Cover image for It's sukkah time!
It's sukkah time!
Kropf, Latifa Berry.
Personal Author:
Publication Information:
Minneapolis, MN : Kar-Ben Pub., [2004]

Physical Description:
1 volume (unpaged) : color illustrations ; 23 cm
Photographs show and text describes children creating and celebrating in a sukkah, a harvest booth built to celebrate the Jewish holiday of Sukkot.
Added Author:
Format :


Call Number
Material Type
Home Location
Item Holds
BM695.S8 K74 2004 Juvenile Non-Fiction Open Shelf

On Order



A preschool class demonstrates the steps of sukkah building to celebrate the fall harvest, sukkpt. Blessings in Hebrew and English are included.

Reviews 3

Booklist Review

PreS-Gr. 2. Bright, vivacious photographs capture exuberant preschoolers preparing for Sukkoth, the Jewish fall harvest festival. Eager children choose apples and pumpkins, then string beads and leaves, decorating the hut, or sukkah, the holiday's prominent symbol, which calls to mind farmers' temporary dwellings during ancient harvests. The youngsters are also seen dancing and playing together within the festively decorated shelter. Brief text captions the energetic photos and conveys the meaning of the symbolic holiday fruits. The festival's traditional blessings conclude this well-focused primer for Judaica collections. --Ellen Mandel Copyright 2003 Booklist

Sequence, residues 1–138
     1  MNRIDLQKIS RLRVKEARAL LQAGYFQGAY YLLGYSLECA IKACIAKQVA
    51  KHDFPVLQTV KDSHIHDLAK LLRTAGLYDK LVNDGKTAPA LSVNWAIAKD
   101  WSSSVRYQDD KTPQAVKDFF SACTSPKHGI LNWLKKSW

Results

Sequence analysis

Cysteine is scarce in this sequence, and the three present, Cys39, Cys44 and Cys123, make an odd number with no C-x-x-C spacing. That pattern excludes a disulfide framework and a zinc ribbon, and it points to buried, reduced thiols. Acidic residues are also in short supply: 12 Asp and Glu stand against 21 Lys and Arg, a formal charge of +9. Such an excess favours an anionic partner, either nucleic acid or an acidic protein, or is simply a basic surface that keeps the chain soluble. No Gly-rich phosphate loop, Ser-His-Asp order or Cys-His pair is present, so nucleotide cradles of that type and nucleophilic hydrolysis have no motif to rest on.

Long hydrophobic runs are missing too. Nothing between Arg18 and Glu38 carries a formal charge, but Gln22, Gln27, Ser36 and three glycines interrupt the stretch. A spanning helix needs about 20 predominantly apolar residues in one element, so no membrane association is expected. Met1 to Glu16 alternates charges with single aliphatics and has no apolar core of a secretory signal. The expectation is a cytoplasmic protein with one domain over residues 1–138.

Publisher's Weekly Review

A preschool class prepares for the festival of Sukkot (which this year begins on October 10) in It's Sukkah Time! by Latifa Berry Kropf, photos by Tod Cohen. Aided by their teacher, the children build and decorate a sukkah, then feast within. Included are blessings as well as directions for making a toy-size sukkah from supermarket containers. (c) Copyright PWxyz, LLC. All rights reserved

School Library Journal Review

PreS-Gr 1-As the information given is minimal, this book works best for those already familiar with the Jewish holiday. With simple text and crisp, color photographs, Kropf explains that Sukkot is a harvest festival. Children are shown helping to build a sukkah, to decorate it, and to eat inside it. They also make one for their classroom and one for their toys. Directions for the mini sukkah and the holiday blessings are appended. There is no explanation of why one builds a sukkah, or how the holiday itself is observed, except in a note on the verso of the title page that can be easily overlooked. However, as there are few books on Sukkot, religious schools and libraries serving large Jewish populations may want to consider adding this title.-Amy Lilien-Harper, The Ferguson Library, Stamford, CT (c) Copyright 2010. Library Journals LLC, a wholly owned subsidiary of Media Source, Inc. No redistribution permitted.